YouTubeThe Australian House of Representatives committee report on hardware and software pricing, geographical restrictions, copyright law, and other issues around tech and digital media in Australia, hasn't exactly vanished into the legislative waste basket. Indeed, it's sparked comment and reaction across the Internet thanks to the spectacle of a developed economy siding with the little guy against Big Media. And one of the highest-level comments so far comes from Chad Hurley, former CEO of YouTube, courtesy of the Australian Financial Review. “I definitely think we are in a global consumer environment now,” he opines in the AFR. “I think the business models...

Finnish Direct Democracy Does Damage to Copyright Hawks
July 23, 2013 | 3:55 pm

copyrightI always knew that all that lobbyist-driven cranking up of copyright infringement penalties to ridiculous and indefensible heights would prove self-defeating and fuel its own backlash. Now, thanks to a recent direct democracy reform that allows citizens to kickstart legislation or law reform, Finnish citizens have voted to submit copyright revision proposals to parliament for debate and a vote. This doesn't mean that the Pirate Bay Party has set sail for Helsinki. Rather, the proposals, entitled "The Common Sense in Copyright Act," bring together a slew of measures, including removal of unfair clauses in recording deals, a wider scope of fair...

Is ‘Happy Birthday’ Still Under Copyright?
June 14, 2013 | 9:59 pm

happy birthday[caption id="attachment_86884" align="aligncenter" width="553"] Photo by Emma Glover | http://tiny.cc/m1yo2w[/caption] Mike Masnick has a great write-up about a pending lawsuit that finally challenges the copyright claim Warner/Chappell Music has been enforcing for decades over the 'Happy Birthday' song. I remember first hearing about this odd little copyright issue during an episode of the late but great sitcom, "Sports Night." The main characters were two sports newscasters, and in one episode, one of them sings "Happy Birthday to You," briefly, to his co-worker on air. He is later visited by a dour rep from legal who advises him that the station was fined by...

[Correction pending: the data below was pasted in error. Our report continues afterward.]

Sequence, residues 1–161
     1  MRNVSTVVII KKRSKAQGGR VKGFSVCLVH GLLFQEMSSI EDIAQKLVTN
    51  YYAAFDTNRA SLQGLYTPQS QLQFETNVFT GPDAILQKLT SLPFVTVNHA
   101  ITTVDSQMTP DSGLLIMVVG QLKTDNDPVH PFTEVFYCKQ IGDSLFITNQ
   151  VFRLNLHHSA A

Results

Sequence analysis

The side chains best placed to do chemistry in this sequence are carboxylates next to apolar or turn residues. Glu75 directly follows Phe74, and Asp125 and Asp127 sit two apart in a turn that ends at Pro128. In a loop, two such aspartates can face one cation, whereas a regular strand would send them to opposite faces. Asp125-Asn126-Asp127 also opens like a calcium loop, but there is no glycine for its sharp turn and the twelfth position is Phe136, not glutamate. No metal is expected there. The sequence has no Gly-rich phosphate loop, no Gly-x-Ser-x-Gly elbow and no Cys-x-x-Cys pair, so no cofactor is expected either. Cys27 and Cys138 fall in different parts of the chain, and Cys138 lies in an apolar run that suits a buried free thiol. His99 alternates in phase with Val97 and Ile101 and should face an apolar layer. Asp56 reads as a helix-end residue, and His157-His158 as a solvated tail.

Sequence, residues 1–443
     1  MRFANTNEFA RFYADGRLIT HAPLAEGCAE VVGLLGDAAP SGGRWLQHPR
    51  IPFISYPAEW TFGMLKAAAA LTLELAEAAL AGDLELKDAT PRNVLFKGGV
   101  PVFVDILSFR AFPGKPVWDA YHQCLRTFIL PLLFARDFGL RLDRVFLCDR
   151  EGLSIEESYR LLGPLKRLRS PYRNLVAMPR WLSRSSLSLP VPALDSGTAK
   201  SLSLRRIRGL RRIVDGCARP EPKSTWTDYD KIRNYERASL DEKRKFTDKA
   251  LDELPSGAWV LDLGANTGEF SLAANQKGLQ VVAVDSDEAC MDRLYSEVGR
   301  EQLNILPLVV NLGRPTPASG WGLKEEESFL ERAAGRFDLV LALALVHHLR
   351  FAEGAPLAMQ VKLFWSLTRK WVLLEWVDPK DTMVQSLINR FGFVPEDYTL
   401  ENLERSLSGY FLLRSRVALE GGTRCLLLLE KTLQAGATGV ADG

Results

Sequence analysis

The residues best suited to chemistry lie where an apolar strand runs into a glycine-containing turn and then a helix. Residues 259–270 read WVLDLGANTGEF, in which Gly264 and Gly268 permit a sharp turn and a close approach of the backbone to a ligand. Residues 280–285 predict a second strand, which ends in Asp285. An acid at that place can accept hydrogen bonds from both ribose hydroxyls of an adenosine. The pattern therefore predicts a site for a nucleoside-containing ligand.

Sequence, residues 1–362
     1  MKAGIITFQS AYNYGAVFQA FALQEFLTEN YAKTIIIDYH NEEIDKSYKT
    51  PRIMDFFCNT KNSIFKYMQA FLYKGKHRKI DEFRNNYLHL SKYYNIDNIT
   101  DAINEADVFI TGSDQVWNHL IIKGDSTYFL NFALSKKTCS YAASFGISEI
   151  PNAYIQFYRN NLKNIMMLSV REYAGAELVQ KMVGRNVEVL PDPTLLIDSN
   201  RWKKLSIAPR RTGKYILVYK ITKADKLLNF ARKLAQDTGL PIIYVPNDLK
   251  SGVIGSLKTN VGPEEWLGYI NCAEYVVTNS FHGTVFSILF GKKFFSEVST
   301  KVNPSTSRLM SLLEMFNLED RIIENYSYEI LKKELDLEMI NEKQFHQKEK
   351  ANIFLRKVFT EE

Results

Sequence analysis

Europe’s Database Right: A scary concept
February 13, 2013 | 5:48 pm

Techdirt has a write-up on something I had never heard of--a special copyright introduced in 1996 which protects the contents of databases, even if all the works they list are public domain. The case Techdirt profiles involves a company which wanted to obtain some government records from the 1700s and 1800s and were told they could not: "In order to justify an exclusive right to its database, the department of Vienne told the court it had "committed more than €230,000 [about $300,000] to this project and that the digitization of documents archive had taken eight years." This is a scary story for...

The Suicide of Computer Genius Aaron Swartz: Time for presidential peacemaking in the online copyright wars
January 14, 2013 | 10:03 am

After Henry Louis Gates, Jr., an African-American Harvard professor, was erroneously arrested for breaking and entering, Barack Obama spoke up. The President at first overdid his criticism of the police, but in the end played the meritable role of peacemaker, inviting both Prof. Gates and the arresting policeman to the White House for a “Beer Summit.” In time, Sgt. James Crowley even gave Prof. Gates a pair of the handcuffs used on the professor. Now President Obama should help make peace in a separate Cambridge case and consider another “Beer Summit”—in fact a whole series—between copyright lobbyists and America’s librarians, educators and consumer activists. Dead in the copyright...

Republican paper on copyright reform lasts less than 24 hours, but there may still be hope
November 20, 2012 | 8:17 pm

Given the state of Republican rhetoric in recent years, I was very surprised to find them endorsing a cause I can actually wholeheartedly support—but they did so this past weekend, for less than 24 hours before they hastily retracted it. I refer to a paper issued by the Republican Study Committee, the caucus for House Republicans, stating that current US copyright law is stifling creativity instead of encouraging it, and is in dire need of drastic reforms. (The paper is embedded below this article.) The paper pointed out that copyright is all about encouraging the progress of the useful...